Election day in the United States isn’t until Tuesday yet a record number of Americans have already cast their vote, including Saanich’s Jude Fox.
“We’re all feeling a little apprehensive and nervous,” said Fox who is a member of the Victoria chapter of Democrats Abroad.
“in 2016 not many people thought that Mr. Trump would win and become president, so even though things are looking very very good for Joe Biden nobody wants to take anything for granted at this stage we still feel like the rug may be pulled from under us at the last moment,” Fox said.
Heightened anxiety among all voters, regardless of their political stripes, is likely helping fuel the surge in early turnout.
“The stakes feel higher right now given the handling or mishandling of the pandemic, depends which party you align with,” said Aragon, a political scientist at the University of Victoria and a dual American/Canadian citizen.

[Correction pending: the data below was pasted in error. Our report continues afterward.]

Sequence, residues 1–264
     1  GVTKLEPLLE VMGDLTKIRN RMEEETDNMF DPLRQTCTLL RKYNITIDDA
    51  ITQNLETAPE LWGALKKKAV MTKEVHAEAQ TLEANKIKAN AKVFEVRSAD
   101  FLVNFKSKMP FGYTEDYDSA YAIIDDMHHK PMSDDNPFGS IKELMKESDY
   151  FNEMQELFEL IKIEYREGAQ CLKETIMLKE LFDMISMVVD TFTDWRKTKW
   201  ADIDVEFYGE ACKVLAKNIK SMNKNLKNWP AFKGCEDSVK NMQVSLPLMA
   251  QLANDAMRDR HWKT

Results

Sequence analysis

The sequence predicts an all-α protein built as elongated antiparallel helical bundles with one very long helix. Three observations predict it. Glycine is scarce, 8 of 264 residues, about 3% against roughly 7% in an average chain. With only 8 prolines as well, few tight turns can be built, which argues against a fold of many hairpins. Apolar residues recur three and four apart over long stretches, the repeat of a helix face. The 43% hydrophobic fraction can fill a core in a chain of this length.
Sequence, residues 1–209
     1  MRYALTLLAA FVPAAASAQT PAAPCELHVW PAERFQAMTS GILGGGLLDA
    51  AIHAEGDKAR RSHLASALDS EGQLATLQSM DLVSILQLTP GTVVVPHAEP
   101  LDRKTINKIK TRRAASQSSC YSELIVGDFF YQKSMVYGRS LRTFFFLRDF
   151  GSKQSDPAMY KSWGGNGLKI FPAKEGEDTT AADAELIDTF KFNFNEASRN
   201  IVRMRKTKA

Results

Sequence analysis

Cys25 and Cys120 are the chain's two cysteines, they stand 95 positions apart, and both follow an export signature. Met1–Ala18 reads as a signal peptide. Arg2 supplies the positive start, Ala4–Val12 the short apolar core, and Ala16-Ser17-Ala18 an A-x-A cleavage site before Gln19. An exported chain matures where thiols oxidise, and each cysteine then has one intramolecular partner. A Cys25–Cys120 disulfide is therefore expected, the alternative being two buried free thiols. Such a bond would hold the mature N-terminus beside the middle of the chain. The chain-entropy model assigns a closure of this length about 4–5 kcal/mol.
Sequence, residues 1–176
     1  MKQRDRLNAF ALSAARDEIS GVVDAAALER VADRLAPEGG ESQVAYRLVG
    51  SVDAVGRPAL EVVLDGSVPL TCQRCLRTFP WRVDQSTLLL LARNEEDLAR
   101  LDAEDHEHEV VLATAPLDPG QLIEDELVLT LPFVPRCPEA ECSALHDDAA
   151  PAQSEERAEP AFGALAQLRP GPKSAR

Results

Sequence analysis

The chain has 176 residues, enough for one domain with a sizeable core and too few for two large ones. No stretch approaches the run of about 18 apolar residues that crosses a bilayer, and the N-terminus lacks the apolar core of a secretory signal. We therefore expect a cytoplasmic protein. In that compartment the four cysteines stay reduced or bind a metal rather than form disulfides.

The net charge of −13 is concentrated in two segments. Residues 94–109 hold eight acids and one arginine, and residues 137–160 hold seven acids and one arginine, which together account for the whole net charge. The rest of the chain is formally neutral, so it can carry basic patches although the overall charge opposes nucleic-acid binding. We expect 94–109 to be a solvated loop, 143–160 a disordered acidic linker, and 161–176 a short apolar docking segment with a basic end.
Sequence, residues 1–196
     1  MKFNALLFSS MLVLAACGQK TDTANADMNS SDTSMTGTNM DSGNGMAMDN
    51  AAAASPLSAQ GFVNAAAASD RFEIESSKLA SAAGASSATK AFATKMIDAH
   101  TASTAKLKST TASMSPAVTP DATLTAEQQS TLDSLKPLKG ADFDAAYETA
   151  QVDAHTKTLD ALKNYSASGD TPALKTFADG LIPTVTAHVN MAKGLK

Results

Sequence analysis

A new Angus Reid poll shows 40 per cent of Americans describe feeling very or extremely stressed due to the COVID-19 pandemic, compared to 22 per cent of Canadians.
As a result many are choosing mail-in ballots, much like British Columbians did in October’s provincial election. And like that election, it means we may not have all of the results in the U.S. Tuesday night.
Whatever the outcome, businesses across the united states are preparing for potential fallout. And Aragon says that makes her nervous for her friends and family.
“I am worried for my family in southern California, I’m also worried for friends in Portland, D.C., Colorado, the Bay area you name it because whatever way the chips fall some people are going to be angry,” said Aragon.
But Aragon says she feels fairly confident there will be results once polls close Tuesday and that whoever wins, the impact will be felt here in Canada in the months and years ahead.